Saturday, February 18, 2017

Reflections: “Never give in, never give in…”

“Never give in, never give in, never, never, never, never – in nothing, great or small, large or petty – never give in except to convictions of honor and good sense.”
-          Winston Churchill, October 29, 1941

Warning – this posting will be longer than my usual musings.

At many dark times in my life I have referred to the above quote by Churchill to bring me through ‘sterner days’. There are many and shorter variations of Churchill’s famous quote about never giving up. I wanted to find the original Churchill quote and discovered that this familiar quote was not 29 words long, but rather contained in a speech.

The famous quote was neither at the beginning nor the end, but hidden away in a long paragraph recounting Great Britain’s progress during the first 10 months of World War II. Churchill delivered this speech, which contained the sentence about never giving in, at his old school, Harrow Hall (where as a boy he almost flunked out). The famous words are contained in the following paragraph of the speech:

You cannot tell from appearances how things will go. Sometimes imagination makes things out far worse than they are; yet without imagination not much can be done.
Those people who are imaginative see many more dangers than perhaps exist; certainly many more than will happen; but then they must also pray to be given that extra courage to carry this far-reaching imagination.
But for everyone, surely, what we have gone through in this period—I am addressing myself to the School—surely from this period of ten months this is the lesson: never give in, never give in, never, never, never, never-in nothing, great or small, large or petty—never give in except to convictions of honor and good sense. Never yield to force; never yield to the apparently overwhelming might of the enemy.
We stood all alone a year ago, and to many countries it seemed that our account was closed, we were finished. All this tradition of ours, our School history, our songs, this part of the history of this country, were gone and finished and liquidated.
I live in New Zealand now but in May 2017 I will travel with my wife to New York City and attend Fordham University’s commencement ceremony in the Bronx and received my undergraduate degree in Organizational Leadership. Earning this degree has been a very long journey for me – 36 years to be exact.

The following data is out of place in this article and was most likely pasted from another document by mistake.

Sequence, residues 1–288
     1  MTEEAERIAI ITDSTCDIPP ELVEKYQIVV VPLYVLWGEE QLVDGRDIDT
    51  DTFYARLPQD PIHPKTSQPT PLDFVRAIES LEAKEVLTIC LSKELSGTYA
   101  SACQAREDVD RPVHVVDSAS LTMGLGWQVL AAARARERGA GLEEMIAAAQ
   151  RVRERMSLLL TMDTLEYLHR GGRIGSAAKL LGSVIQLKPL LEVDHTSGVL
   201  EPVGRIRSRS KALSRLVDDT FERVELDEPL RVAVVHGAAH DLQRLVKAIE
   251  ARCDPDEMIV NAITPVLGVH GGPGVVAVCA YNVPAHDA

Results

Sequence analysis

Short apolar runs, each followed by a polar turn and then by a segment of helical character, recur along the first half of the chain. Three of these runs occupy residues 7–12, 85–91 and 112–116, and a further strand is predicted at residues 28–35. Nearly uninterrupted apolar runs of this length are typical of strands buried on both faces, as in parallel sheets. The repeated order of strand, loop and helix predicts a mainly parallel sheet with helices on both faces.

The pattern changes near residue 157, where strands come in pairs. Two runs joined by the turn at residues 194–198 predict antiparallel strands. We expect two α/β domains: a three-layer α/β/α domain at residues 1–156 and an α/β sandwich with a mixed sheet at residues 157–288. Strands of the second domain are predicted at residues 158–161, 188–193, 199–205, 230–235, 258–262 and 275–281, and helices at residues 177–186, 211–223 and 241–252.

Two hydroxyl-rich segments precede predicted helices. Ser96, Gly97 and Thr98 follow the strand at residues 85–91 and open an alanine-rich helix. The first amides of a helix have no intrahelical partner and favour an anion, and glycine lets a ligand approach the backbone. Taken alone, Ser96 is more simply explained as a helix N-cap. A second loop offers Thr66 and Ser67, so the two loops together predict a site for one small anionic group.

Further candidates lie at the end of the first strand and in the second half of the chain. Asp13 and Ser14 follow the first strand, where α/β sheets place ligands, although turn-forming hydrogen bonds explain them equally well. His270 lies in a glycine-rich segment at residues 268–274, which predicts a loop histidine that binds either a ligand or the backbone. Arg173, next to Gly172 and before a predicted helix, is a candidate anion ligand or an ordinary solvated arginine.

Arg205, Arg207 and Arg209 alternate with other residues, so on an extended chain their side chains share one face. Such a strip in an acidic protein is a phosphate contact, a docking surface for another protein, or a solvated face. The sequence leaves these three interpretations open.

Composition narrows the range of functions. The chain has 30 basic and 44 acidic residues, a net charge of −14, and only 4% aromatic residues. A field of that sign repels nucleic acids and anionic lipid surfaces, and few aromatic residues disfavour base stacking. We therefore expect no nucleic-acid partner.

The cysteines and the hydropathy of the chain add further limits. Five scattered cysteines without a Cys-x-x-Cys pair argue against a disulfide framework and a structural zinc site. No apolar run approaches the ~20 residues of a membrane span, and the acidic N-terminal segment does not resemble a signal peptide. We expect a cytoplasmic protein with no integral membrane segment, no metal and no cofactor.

In September 1981, I began my college studies at New York University as an 18-year-old freshman majoring in Finance. I was supposed to graduate in June 1985 but that didn’t happen. I had a great time in college – a little too much of a great time! In 1984 I was barely passing my classes.

During my studies at NYU I started playing on the school’s basketball team during my freshman year and was named captain in my first year with the team. I then became co-captain in my junior year. But at the start of my senior year and would be fourth year with the team I quit to focus on my classes in the hope of graduating on time. At that time in my life, quitting the team and saying goodbye to some of the guys I knew since freshman year was the hardest thing to do. I love those guys that I played with to this day. I felt devastated that I was letting them down. They all said they understood my decision but I could see it in their eyes and on their faces they were surprised I left the team at the beginning of my senior year.

At first quitting the team made sense. I felt at the time it was the responsible decision to make because I was not going to be a professional basketball player. I was tall, 6’6”, but not nearly good enough to get drafted for the NBA. But I came to realize that it was not being on the team that held me back from studying harder but my lack of commitment and discipline to “hit the books”. At that time, I didn’t know it but the guys on the team was the support system I could have utilized to help me with my studies. I was too embarrassed to tell the guys I was almost flunking out of college at the beginning of my senior year.

After leaving the team I floundered even worse with my studies. I moved from living on campus to moving back home with my mother, commuted to NYU for classes and started working a full-time job that was initially part-time. After taking a few classes after 1985 while I was working I decided to stop pursing my undergraduate degree in 1988.